The latest research information on important issues concerning the dairy industry will be presented at the 2011 Four-State Dairy Nutrition and Management Conference on June 8 and 9 at the Grand River Center in Dubuque, Iowa. This conference is a collaborative effort of the Extension services of Wisconsin, Minnesota, Illinois and Iowa.
"We expect more than 400 professionals to participate, along with 40 commercial booths," says Mike Hutjens, University of Illinois professor emeritus in that school's Department of Animal Sciences. "This conference will provide timely research findings for farmers and other dairy industry professionals, as well as the latest information about new technology and products."
Conference topics and speakers will include:
• Feeding high forage rations – Larry Chase of Cornell University
• Evaluating and improving starch digestibility – Pat Hoffman of the University of Wisconsin
• Pushing the limits of production - Panel featuring Mike Hutjens of the University of Illinois and dairy producers Dana Allen and Ron Olson
• Predicting and identifying illness through changes in cow behavior – Trevor DeVries of the University of Guelph
• Cow comfort drives transition cow successes – Ken Nordlund, University of Wisconsin
• Antioxidant nutrients and their role in health and disease – Matt Waldron, University of Missouri
• Controlling variation with on-farm precision feeding applications – Noah Litherland, University of Minnesota
• Other topics including robotic milkers, automatic calf feeders, ventilating calf barns, feeding strategies to minimize heat stress, and heifer bunk management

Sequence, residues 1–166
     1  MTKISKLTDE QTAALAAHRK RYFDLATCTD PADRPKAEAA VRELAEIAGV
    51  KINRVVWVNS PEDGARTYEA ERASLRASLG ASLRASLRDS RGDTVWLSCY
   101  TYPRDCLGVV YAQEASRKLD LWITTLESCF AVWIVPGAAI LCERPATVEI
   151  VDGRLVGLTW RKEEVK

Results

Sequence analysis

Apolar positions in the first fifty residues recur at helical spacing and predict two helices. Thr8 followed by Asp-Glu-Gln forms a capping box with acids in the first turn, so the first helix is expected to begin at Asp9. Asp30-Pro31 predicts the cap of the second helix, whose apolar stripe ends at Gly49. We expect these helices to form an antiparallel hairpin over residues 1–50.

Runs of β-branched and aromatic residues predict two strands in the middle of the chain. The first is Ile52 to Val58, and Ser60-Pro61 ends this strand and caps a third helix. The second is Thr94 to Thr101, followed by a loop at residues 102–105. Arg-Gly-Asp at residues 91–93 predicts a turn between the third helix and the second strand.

The seminar will begin at 8 a.m. on June 8 with a morning pre-conference symposium sponsored by Prince Agri Products. To register online or obtain a downloadable brochure, go to http://www.wasa.org or contact Wisconsin Agri-Service Association at 608-223-1111.
Weaker milk prices coming in 2011, dairy profits will be squeezed
Profitability for dairy farmers will be one of the main topics of discussion. With high corn, hay and forage costs, lower milk prices will squeeze returns over feed costs. Shrinking margins will encourage tighter cow culling and trim grain and protein concentrate feeding.
More milk cows will boost 2011 milk production in the United States. Roger Hoskin, USDA dairy economist, expects milk per cow to also rise, but it will be at a slower pace. "We've most likely already seen our peak prices for the year."
"High feed prices and softening milk prices may ultimately blunt the expansion in dairy cow numbers," he says. "But through the first part of this year, strong export demand for all products and recovering domestic demand have supported milk prices. That has offset the higher feed prices for most dairy farmers."